In my original controller, the motor required a minimum PWM (about 20%) to start turning. It is possible to adjust the PWM range in the software and — although the design rules checker objects (requiring 0-100%) — it will still be downloaded to the chip. So my original board of 75mm x 100mm (say 60mm x 80mm excluding the connectors, relay, and voltage regulator) would have been reduced to a 2mm x 2mm square, albeit with a sub-8-bit range on the PWM control.
I can see many possible uses for this device in my line of work. However there is one “large” drawback, and that is its size. No doubt there is one wizard out there who can hand-solder this thing, but when it comes to prototyping and possibly having to replace a part because of a flaw — good luck! As for programming the part, there is no question in my mind that you should use Silego's services. They will program as few as 10 pieces with a $50 NRE. Your sanity is worth it.
My PCB layout technician thought the PCB with traces this fine would command a premium, and as for connecting a probe to a pin — forget about it! I did buy a separate socket to look into making provision for it on my PCB to prove the prototype and then manufacture mounting the device directly. The footprint of the socket is 27mm x 19mm, thereby occupying 128 times more surface area than the part itself and perhaps losing one of the part's key advantages.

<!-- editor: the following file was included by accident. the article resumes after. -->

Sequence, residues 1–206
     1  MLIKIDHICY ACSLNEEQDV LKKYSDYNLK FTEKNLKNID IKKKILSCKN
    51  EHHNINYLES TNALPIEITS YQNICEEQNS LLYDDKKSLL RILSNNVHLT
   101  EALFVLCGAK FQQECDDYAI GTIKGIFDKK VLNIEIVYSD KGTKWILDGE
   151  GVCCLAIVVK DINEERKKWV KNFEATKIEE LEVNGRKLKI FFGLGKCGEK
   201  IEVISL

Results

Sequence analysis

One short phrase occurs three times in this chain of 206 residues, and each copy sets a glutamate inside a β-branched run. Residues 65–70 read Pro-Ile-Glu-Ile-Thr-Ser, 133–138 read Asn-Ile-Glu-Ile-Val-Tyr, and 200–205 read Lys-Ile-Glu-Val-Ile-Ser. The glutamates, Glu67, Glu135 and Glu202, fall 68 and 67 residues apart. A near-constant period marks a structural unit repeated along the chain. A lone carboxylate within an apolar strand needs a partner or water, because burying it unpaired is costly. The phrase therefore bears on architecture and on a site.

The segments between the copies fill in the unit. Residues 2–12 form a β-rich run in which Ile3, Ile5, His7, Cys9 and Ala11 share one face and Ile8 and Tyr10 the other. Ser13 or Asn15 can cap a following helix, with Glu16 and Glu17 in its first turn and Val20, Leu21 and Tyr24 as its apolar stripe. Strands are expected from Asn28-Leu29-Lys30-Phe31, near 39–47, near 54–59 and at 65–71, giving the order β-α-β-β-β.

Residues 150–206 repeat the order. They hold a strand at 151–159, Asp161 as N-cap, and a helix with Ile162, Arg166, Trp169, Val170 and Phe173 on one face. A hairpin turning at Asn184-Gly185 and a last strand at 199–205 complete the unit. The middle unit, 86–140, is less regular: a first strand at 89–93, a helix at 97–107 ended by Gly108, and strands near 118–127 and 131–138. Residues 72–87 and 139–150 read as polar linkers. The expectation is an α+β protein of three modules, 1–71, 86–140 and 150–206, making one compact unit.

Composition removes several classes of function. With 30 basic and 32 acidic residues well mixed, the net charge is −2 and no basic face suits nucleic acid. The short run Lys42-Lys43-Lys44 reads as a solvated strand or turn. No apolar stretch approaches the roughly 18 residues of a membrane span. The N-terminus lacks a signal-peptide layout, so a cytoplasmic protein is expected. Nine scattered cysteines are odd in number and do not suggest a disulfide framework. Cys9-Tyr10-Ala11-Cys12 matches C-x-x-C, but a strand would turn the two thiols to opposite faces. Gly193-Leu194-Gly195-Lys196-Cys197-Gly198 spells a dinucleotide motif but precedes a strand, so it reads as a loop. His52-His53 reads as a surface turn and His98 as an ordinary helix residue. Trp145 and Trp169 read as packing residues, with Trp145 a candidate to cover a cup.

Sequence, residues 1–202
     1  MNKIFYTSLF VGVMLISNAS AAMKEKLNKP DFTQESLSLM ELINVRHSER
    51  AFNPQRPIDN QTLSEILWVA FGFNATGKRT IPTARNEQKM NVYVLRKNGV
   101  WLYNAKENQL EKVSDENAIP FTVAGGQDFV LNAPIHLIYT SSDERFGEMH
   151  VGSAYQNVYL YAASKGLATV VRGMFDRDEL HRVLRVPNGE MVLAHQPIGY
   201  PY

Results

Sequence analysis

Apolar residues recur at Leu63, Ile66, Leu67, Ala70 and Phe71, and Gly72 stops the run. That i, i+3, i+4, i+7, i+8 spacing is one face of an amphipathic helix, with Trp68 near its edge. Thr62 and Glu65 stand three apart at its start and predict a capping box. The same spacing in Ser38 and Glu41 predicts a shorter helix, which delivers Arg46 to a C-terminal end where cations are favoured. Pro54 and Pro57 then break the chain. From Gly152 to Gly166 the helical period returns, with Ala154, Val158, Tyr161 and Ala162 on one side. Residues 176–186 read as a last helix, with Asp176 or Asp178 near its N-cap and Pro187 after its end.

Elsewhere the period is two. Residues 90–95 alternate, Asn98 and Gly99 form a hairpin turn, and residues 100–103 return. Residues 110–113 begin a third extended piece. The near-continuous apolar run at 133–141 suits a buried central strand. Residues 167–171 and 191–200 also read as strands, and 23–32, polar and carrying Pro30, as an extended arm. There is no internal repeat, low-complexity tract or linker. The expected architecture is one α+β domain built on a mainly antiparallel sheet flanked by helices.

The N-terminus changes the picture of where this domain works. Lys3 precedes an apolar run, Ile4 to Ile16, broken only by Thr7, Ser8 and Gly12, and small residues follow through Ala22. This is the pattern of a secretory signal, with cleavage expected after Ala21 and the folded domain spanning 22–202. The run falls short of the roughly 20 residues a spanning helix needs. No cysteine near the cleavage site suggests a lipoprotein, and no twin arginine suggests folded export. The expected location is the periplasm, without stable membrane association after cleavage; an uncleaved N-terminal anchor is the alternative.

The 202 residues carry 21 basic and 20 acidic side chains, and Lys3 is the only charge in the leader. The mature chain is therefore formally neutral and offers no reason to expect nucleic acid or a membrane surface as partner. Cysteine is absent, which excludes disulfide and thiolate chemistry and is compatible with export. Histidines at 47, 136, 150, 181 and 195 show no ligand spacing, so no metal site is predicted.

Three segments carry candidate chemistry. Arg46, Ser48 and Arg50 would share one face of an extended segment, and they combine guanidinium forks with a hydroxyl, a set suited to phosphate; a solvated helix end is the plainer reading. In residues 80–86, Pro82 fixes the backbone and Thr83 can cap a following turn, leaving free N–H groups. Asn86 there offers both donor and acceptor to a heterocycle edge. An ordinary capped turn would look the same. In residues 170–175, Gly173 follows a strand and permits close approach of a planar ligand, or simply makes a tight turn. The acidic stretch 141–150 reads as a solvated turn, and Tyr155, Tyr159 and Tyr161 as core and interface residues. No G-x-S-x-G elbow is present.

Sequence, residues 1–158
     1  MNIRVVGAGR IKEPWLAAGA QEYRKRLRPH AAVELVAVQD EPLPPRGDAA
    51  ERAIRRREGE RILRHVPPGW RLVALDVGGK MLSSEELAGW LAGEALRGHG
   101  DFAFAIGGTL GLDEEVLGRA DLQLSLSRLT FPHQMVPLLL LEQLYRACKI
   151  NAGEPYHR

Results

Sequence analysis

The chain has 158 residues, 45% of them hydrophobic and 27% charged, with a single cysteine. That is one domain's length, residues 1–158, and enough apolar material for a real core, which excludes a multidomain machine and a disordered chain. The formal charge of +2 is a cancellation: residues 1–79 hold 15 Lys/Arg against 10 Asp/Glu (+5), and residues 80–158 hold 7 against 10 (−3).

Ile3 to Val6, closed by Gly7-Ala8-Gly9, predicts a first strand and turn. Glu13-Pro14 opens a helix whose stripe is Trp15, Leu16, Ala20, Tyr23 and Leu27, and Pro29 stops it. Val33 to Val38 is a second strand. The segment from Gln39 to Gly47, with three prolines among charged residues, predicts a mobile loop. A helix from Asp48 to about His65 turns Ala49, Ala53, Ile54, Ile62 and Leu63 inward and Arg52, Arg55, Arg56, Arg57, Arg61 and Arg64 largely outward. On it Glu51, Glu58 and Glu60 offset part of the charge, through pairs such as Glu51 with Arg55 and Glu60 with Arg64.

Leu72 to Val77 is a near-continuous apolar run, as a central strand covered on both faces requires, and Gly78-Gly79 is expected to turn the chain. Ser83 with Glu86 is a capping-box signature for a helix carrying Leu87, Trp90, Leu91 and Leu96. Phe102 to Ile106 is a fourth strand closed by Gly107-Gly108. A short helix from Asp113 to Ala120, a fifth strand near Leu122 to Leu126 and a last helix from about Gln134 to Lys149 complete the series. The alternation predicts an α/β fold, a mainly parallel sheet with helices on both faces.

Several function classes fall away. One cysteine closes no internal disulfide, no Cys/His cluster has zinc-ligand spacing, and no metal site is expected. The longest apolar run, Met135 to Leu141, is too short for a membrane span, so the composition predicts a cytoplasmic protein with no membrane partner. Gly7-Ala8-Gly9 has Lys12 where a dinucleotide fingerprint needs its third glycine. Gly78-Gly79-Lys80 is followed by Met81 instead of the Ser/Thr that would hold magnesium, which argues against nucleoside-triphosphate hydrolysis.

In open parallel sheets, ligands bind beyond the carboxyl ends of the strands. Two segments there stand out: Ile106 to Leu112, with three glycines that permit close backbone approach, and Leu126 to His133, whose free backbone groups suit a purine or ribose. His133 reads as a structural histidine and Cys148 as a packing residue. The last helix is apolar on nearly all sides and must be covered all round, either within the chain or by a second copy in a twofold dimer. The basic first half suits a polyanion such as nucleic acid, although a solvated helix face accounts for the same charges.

I have had a few interactions with Silego whilst I looked at their product, and they have been notably responsive and proactive, even suggesting that I attend an upcoming web seminar, which I recently did. Sometimes the GreenPAK2 seems to me to be an old approach (simple logic, standalone 8-bit ADC, OTP, low pin count package, low current consumption) with a very modern twist. It is positioned between discrete logic and small MCUs, and that is exactly where I work, so this is very definitely another arrow in my quiver, if only I could get the devices in a bigger package.
Incidentally Silego has a program for users to submit an app note, and the reward is rather interesting, so if you can come up with an idea, sharpen your (metaphorical) pen and start writing.
Do you think you could use one of these parts? If so, how do you feel about its size?